What a disappointment that Congress left town without doing much about the joblessness that hangs over our country like a toxic cloud.
However, there is plenty the administration can still do about rewarding companies that create good American jobs – and punishing those that don’t.
The answer lies in one unglamorous word: procurement.
Like it or not, the U.S. government spends about $500 billion a yearon goods and services from private businesses. Only in countries like Somalia does the government not have a major role in the national economy.
As economist Bob Kuttnerpoints out, federal procurement directly or indirectly influences one job in four in the economy.
Kuttner, in the October issue of the American Prospect, notes that the federal government gives business to companies that systemically violate labor law and decent standards. The federal government sometimes awards lucrative contracts to companies that batter down wages.
My boss, Jim Hoffa, Jim Hoffa, points out that the federal government does business with companies that move their headquarters overseas to avoid paying U.S. taxes, or move their factories overseas to avoid paying U.S. wages.
There never should have been a controversy over the U.S. Air Force awarding a contract to Airbus, the European aerospace company. The U.S. Navy shouldn't be granting contracts to companies like Accenture, which moved its headquarters to Ireland to avoid paying U.S. taxes.
Nor does the U.S. government have any business awarding billions of dollars in contracts to companies like Dell Computer. Dell, the federal government's 11th biggest prime contractor, will shut its last major U.S. plant in North Carolina next year and transfer the work overseas.
Just last week, the http://www.gao.gov/...reported that 20 federal contractors received half of the 50 biggest fines levied by the Labor Department’s Wage and Hour Division between the 2005 and 2009 budget years.
According to Federal Computer Week,
...in fiscal 2009, the government awarded those 20 companies more than $9 billion in contracts. None were suspended or debarred as a result of their actions.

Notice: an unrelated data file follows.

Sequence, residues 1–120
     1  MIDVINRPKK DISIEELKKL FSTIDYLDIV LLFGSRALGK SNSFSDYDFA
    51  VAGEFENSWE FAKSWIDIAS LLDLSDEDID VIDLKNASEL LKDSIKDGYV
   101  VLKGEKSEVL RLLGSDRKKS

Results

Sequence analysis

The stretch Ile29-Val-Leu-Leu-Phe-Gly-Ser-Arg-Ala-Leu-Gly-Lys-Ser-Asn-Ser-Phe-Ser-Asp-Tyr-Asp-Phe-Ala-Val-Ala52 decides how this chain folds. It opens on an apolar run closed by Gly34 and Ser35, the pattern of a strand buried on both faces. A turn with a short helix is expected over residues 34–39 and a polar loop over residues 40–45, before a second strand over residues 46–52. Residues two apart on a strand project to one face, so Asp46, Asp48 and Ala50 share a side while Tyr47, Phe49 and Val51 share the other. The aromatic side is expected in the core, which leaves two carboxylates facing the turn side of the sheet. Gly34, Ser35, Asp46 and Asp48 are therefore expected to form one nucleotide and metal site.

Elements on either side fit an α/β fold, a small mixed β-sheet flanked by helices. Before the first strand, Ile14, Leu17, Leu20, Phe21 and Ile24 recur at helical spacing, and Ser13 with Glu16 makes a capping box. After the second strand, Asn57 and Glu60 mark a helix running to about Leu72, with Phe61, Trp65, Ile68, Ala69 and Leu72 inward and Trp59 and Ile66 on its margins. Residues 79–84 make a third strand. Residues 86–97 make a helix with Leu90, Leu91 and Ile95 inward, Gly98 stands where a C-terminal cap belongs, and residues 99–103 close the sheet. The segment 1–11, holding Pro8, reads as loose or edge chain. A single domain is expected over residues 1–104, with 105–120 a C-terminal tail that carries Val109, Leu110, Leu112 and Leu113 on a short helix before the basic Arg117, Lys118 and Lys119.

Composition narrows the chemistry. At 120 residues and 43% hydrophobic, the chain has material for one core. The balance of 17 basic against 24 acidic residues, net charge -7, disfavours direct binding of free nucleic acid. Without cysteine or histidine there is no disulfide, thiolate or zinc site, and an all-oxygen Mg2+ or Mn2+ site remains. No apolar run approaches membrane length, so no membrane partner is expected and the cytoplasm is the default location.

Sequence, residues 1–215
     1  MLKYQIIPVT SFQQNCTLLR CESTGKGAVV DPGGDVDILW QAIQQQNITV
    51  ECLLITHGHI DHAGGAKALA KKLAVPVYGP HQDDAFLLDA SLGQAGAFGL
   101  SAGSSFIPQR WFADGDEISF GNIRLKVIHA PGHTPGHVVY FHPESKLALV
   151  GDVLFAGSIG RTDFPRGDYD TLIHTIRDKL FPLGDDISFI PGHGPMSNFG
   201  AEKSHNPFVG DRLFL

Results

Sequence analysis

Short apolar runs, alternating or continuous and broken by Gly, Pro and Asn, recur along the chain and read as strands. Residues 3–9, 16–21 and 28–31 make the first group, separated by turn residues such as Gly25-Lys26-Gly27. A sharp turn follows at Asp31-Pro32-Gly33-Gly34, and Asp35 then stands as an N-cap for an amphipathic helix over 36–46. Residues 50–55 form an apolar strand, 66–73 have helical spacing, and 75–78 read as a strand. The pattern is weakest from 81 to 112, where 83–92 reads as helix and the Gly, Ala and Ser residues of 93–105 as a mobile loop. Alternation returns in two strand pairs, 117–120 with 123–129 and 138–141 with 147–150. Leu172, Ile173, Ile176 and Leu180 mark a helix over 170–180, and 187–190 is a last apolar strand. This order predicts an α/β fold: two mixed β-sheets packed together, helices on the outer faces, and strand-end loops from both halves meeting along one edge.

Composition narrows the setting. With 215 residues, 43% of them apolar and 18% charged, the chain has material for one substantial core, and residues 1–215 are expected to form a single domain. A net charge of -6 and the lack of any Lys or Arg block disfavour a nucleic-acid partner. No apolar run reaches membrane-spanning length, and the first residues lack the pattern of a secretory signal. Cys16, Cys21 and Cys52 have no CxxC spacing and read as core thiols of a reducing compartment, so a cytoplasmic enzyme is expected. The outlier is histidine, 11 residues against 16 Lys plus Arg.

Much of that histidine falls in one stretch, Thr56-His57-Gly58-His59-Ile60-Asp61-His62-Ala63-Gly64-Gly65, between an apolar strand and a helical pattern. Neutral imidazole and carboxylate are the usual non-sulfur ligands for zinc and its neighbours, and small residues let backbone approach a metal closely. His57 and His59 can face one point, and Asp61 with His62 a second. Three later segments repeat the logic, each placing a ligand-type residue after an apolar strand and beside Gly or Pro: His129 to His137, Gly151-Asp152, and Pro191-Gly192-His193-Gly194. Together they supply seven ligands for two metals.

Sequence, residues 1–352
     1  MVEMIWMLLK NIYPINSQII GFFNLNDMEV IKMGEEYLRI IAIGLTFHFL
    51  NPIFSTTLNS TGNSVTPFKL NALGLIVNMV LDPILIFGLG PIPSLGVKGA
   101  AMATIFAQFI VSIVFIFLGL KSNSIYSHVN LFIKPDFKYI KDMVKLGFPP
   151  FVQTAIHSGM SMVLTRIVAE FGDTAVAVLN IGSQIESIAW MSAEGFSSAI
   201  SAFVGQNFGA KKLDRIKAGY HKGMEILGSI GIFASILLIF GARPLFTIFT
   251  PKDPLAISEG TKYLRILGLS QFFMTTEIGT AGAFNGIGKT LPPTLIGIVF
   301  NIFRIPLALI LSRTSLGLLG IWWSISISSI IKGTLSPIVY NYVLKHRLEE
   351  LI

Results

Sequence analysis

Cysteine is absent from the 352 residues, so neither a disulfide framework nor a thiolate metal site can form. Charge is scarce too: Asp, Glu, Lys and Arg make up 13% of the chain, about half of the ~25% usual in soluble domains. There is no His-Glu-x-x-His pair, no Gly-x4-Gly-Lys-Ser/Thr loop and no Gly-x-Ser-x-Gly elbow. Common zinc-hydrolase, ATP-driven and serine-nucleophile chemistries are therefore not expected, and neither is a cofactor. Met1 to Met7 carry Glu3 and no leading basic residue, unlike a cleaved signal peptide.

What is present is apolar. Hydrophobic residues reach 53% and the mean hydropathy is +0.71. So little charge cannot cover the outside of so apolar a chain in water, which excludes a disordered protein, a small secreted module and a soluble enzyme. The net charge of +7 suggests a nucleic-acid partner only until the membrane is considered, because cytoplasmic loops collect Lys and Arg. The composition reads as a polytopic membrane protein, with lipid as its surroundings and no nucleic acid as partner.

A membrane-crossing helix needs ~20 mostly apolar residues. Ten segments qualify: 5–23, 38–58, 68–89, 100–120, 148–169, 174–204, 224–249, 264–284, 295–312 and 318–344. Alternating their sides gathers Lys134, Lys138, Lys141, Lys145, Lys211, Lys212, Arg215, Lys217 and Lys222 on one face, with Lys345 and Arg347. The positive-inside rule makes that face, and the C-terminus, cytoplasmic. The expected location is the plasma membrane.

It didn’t used to be this way. Kuttner writes:
In the past, government has taken seriously its power as purchaser to improve labor conditions. In the Kennedy and Johnson eras, before Congress passed the landmark civil-rights laws, executive orders beginning in 1961 required companies bidding on government contracts to take "affirmative action" to overturn legacies of racial discrimination and exclusion in hiring and promotion. Affirmative-action plans were required not just on the contract in question but company-wide. Companies that refused to cooperate were barred from doing business with the government. During World War II, the Roosevelt administration required companies engaged in war production to pay prevailing wages and not to interfere with the right of their workers to organize unions.
Things sure have changed. The American Prospect describes how FedEx, a notorious union-buster that routinely misclassifies employees, received $1.5 billion in Defense Department contracts last year. Another union buster, U.S. Foodservice, received $2 billion in military contracts over the past decade.
And here’s a shocker:
Under George W. Bush, as government privatized more functions, federal contracting increased by about half, according to the Economic Policy Institute. The EPI also estimates that nearly one-fifth of federal contracted workers did not earn enough to raise a family of four above the poverty line.
Change to Win, the Center for American Progress and the National Employment Law Project have proposed the administration should embark on a strategy of "high road procurement." And Hoffa has tirelessly advocated for for a more robust "Buy America" policy.
Business groups predictably scream "protectionism." They are, of course, led by the U.S. Chamber of Commerce, which represents multinationals that earn huge profits by sending jobs overseas.
But as Paul Krugman says,
...if you just start yelling "Protectionist!", you’re demonstrating that you don’t understand what economics is about.